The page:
The Value of a Previously Validated Proficiency-Based Laparoscopic Skills Training Curriculum in Surgical Education

Patrick Fei, MD, Aldo T Gamarra, MD, Pamela Tan, MD, Nancy J Hogle, RN MPH, Warren D Widmann, MD. Department of Surgery, Staten Island University Hospital; State University of New York, Downstate Medical Center

BACKGROUND: A proficiency-based laparoscopic skills training curriculum for the Fundamentals of Laparoscopic Surgery (FLS) program has been used to advance certain skill sets fundamental to laparoscopy by many surgical training programs. The aims of this study are: 1. to find the component(s) of laparoscopic training within FLS that have the greatest effect on skill advancement and 2. to determine whether this curriculum is beneficial for residents at all levels of training.

METHODS: In the 2009-10 academic year, all 27 surgical residents at our institution were baseline tested on each of the five FLS tasks. The residents then completed a previously validated proficiency-based laparoscopic skills training curriculum in which each of the five tasks was performed until a predetermined level of proficiency was achieved. All were then post-tested at the conclusion of the curriculum, and the differences between the two scores were calculated. The data were then compared (e.g. number of attempts, total time spent).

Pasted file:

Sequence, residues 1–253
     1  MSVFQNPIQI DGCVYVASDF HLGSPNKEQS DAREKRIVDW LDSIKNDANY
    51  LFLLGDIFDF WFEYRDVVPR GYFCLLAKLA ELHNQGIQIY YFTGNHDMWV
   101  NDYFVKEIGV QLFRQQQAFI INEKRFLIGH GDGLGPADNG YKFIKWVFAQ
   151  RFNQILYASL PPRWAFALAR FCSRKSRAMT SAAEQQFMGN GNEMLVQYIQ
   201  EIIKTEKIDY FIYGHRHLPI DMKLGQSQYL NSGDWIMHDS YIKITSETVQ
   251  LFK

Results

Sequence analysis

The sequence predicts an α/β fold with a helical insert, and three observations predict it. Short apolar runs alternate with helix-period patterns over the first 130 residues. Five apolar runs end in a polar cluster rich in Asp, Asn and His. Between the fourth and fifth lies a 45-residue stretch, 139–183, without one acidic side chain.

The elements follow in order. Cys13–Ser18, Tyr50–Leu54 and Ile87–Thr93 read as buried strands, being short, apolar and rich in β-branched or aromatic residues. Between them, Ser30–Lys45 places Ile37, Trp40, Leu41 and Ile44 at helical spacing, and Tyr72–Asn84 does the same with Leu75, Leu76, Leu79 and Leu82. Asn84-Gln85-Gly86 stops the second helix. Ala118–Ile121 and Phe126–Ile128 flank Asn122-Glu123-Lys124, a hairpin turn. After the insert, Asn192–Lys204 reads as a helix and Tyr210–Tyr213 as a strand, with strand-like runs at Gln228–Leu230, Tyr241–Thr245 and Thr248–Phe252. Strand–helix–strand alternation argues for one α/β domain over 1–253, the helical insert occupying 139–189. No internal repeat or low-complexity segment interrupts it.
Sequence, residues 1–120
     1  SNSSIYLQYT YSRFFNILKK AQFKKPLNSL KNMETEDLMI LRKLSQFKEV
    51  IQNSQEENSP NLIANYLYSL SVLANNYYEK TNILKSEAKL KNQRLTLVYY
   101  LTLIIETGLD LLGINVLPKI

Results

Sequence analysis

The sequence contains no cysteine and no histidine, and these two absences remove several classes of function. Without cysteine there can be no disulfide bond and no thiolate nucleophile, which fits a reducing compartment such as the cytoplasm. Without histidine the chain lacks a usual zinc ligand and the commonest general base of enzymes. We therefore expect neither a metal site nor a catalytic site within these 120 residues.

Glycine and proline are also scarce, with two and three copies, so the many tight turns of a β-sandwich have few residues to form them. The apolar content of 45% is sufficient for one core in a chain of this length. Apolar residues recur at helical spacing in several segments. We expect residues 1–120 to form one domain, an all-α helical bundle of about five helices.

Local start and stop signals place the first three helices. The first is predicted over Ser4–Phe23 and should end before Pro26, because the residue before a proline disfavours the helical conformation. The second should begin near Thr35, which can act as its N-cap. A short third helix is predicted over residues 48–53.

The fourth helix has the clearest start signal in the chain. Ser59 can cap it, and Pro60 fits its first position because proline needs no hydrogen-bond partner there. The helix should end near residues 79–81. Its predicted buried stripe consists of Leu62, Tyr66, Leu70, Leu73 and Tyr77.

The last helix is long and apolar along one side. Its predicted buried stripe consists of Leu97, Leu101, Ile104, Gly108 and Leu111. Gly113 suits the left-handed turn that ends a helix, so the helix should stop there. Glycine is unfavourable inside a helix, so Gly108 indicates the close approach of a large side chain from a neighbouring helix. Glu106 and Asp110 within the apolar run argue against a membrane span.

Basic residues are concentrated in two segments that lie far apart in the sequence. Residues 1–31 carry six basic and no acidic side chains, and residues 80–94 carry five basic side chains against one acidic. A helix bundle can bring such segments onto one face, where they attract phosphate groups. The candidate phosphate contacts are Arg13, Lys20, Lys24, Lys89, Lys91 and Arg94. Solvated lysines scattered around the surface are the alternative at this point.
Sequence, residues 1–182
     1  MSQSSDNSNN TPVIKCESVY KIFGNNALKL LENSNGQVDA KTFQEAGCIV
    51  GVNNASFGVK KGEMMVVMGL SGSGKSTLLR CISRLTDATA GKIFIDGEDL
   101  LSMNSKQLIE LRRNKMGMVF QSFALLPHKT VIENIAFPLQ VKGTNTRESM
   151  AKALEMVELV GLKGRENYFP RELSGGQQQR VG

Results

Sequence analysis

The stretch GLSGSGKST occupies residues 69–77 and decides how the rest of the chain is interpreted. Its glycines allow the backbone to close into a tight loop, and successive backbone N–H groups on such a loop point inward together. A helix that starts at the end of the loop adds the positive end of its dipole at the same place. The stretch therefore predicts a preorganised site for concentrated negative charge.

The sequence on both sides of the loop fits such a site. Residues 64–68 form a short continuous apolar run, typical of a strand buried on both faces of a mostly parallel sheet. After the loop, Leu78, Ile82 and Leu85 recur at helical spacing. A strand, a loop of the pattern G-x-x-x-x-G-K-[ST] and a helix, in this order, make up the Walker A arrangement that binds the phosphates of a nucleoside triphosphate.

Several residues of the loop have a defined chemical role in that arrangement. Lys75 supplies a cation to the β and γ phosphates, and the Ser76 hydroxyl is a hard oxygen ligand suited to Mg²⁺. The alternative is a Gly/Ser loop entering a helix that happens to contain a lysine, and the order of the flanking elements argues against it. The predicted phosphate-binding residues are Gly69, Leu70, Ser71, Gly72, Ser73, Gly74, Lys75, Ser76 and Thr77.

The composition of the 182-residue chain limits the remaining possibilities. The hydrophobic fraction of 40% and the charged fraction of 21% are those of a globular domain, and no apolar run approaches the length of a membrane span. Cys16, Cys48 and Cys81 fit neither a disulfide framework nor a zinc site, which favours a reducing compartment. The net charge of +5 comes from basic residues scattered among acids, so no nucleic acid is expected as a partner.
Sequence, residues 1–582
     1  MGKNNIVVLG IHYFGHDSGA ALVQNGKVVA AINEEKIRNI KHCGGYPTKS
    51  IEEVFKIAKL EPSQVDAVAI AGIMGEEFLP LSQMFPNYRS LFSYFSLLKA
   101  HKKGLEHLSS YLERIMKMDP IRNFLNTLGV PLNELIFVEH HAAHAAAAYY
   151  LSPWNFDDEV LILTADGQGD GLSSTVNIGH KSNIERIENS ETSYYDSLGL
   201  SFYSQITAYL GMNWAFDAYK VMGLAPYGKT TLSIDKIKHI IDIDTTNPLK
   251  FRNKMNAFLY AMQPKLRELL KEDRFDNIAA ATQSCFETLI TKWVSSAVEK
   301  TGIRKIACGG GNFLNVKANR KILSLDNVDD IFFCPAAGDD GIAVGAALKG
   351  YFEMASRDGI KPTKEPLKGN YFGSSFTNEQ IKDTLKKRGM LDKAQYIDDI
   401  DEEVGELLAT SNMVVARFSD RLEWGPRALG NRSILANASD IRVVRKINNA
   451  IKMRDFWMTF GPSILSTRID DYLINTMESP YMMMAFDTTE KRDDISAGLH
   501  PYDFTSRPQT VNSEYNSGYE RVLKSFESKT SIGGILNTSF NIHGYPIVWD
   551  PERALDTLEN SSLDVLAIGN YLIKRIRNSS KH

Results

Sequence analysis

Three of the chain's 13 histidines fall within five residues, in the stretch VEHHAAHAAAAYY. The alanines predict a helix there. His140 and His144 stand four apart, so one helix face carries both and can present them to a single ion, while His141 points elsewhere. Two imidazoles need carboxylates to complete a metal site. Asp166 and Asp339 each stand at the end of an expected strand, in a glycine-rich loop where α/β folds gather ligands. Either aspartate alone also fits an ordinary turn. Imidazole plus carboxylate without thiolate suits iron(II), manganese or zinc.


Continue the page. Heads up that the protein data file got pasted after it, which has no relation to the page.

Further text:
RESULTS: All but one resident improved their overall score from pre- to post-curriculum testing (p<.001). There was a correlation between the number of attempts with a resultant fall in the time to task completion during the task of peg transfer. However, a threshold effect was observed after which additional attempts did not result in further decreases in time to task completion (Graph 1). For the remaining four tasks (pattern cutting, ligating loop placement, extra- and intra-corporeal knot tying), no correlation between completion of task and number of attempts, or total time spent was found for the entire group.

For the overall group of residents, the difference between baseline and post-testing FLS scores was not influenced by the number of attempts, total time spent, or total number of days spent. However, the change in scores between the laparoscopically naive residents and all others was significant (p = 0.01).

CONCLUSIONS: Task repetition for the initial peg transfer module showed a clear improvement in completion times which was not dependent on PGY status.

This study suggests that the proficiency-based laparoscopic curriculum is best suited for laparoscopically naïve residents. Residents with previous laparoscopic experience benefit to a lesser degree from the use of this curriculum. With the current duty hour restrictions and time constraints faced by residents, educators should consider whether residents who demonstrate proficiency on the pre-test must proceed in a “lock-step” training curriculum, as they will gain little additional benefit from this time-consuming activity.

Session: Poster
Program Number: P194
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